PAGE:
Spain still needs some Cesc-appeal
When Spain’s Euro 16 squad is picked by Vicente del Bosque this week, Cesc Fabregas will be one of the first names he writes down - irrespective of form for both club or country.
Cesc remains a solider for Del Bosque, one who the Spanish coach stays loyal to. It’s been a notable feature in Del Bosque’s era, staying faithful to a particular group, and Cesc is one of them. After all, he’s formed a part of three incredible International triumphs - two of them overseen by Del Bosque himself while the other was when a young fabregas came to the fore under Luis Aragones in 2008.
The complete player
Cesc has shown himself to be everything Del Bosque requires in a squad. The Chelsea man offers experience and familiarity with the squad off the field, while on it he provides experience again but also versatility and general function. Del Bosque has played Cesc in a variety of roles with Spain, and he’s rarely been let down.
Remember when Spain were widely criticised for using the False 9 system? Cesc was indeed that False 9, yet Spain went on to record another triumph that year. The movement of Cesc was vital to Spain’s system, how he operated between the lines and took up positions between the centre backs that allowed others from deeper midfield to move in freely.
This time things could be different however given his intermittent form this season. While he may not have a guaranteed starting role, this is a tournament, and sometimes bench players can be as important as starters. Del Bosque is still loyal to a possession based game, but with the caveat of now seeking more dynamism in the area. Hence why he tried to move Diego Costa into the starting XI, albeit with poor results. Cesc then, could be a force from the bench if Del Bosque deems others in a better spell of form. This makes him no less an important component however, and you’d be crazy to bet against the player making some form of impact in the tournament at some point.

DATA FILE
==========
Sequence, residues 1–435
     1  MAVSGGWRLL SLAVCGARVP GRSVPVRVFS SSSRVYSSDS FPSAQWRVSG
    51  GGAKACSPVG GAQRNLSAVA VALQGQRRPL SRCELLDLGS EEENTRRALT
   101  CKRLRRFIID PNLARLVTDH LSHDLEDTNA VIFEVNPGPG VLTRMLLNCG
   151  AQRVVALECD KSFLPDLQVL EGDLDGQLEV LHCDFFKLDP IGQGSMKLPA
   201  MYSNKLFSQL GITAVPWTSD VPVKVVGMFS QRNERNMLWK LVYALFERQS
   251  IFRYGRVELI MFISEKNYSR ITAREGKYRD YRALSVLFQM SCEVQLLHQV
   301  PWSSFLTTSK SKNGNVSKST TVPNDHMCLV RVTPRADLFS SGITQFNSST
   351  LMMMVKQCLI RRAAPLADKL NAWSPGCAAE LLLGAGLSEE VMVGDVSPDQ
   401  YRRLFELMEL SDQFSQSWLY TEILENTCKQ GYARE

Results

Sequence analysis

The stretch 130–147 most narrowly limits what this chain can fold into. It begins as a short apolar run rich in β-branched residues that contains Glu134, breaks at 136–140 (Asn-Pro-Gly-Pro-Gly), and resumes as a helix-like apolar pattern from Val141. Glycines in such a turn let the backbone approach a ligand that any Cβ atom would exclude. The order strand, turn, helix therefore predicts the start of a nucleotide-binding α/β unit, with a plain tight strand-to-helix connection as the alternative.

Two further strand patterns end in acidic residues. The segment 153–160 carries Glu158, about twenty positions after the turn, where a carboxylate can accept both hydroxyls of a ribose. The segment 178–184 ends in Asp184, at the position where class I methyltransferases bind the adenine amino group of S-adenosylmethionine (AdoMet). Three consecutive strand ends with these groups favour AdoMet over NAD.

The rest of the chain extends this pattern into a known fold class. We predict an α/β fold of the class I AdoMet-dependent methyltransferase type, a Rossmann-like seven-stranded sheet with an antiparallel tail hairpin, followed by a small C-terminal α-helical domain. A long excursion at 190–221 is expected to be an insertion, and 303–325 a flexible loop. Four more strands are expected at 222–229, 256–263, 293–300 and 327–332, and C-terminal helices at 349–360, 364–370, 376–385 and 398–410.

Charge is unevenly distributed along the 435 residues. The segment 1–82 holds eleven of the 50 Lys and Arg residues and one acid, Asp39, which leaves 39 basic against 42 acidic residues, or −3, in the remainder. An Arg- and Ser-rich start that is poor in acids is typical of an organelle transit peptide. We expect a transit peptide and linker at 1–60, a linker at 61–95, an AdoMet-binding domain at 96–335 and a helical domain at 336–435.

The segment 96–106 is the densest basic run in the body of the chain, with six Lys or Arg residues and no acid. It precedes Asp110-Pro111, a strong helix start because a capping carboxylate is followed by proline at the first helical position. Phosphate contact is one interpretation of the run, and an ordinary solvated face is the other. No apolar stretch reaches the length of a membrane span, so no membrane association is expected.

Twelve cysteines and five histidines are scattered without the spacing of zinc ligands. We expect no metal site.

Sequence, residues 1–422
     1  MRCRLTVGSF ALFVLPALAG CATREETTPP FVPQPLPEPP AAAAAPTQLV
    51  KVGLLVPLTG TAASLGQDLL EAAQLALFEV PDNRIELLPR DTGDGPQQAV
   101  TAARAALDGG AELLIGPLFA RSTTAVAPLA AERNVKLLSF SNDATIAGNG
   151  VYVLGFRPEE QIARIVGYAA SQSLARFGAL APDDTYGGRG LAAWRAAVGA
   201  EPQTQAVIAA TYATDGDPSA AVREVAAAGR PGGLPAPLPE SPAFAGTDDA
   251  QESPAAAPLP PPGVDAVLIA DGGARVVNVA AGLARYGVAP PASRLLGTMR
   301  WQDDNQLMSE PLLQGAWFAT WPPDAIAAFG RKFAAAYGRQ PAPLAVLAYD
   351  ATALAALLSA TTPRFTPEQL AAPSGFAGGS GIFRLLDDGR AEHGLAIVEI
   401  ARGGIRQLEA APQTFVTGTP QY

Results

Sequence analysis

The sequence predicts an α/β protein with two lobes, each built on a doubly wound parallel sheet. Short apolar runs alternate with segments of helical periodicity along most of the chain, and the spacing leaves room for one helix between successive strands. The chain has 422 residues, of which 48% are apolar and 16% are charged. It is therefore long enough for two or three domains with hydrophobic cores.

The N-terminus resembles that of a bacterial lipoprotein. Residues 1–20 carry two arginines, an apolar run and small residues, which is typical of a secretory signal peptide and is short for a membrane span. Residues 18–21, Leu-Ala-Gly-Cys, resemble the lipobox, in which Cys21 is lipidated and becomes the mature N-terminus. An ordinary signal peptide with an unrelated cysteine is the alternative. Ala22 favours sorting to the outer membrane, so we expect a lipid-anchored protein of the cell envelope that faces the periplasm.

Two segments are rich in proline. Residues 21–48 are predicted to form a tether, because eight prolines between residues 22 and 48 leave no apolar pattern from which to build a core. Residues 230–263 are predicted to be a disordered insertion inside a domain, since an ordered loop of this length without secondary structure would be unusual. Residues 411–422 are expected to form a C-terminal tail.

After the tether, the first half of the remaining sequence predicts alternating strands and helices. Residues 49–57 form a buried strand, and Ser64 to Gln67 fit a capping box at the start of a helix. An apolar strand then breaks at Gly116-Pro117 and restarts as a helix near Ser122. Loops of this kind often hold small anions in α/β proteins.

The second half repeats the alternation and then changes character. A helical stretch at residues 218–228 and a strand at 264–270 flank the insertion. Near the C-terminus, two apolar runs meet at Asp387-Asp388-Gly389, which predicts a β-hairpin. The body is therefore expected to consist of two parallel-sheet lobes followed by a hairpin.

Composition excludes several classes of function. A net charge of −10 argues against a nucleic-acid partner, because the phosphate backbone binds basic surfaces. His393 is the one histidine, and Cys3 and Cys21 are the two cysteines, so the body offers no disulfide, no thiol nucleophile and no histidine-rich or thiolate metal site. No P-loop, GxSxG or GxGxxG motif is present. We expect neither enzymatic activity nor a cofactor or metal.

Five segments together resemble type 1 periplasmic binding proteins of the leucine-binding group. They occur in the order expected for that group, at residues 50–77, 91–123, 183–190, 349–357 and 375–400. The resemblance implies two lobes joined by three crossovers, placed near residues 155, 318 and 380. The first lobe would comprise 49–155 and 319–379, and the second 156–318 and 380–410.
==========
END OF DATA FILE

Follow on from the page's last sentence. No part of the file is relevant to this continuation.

Where does he fit in?
The primary position for Cesc should he start however would be in the middle of a three behind the striker. There Fabregas could perform his traditional midfield duties of looking to slip passes in between defenders and move between the lines, but also have license to move into the penalty area himself. Cesc remains such a great presence in this sense, with his timing of runs and ability to take up gaps left by opponents. It’s evidently where he performs best, even his former team-mate Thierry Henry explained as much.
The former striker said on Sky Sports: “What was great with Fab was when he was behind the striker – that’s his best position. He used to score goals; for Arsenal and for Barcelona too.”
His fellow analyst, Graeme Souness, concurred: “For me, Fàbregas, I prefer him further forward, he can drop a shoulder, dribble past people, and he’s got the picture – and he can deliver on the picture he sees. He’s one you’d want to play with.”
It’s exactly right. Play him as a deep lying midfielder and his lack of pace is exposed, as opponents can flood attacking players on his position and take advantage. Meanwhile as a centre midfielder, there is probably little room for him in Spain’s team. Koke is the new golden boy there, and could likely be for many years. It leaves the attacking midfield role, and that is just right for Cesc. It will be either there or from the bench that he will feature from this summer. And from there, he can help Spain to yet another triumph.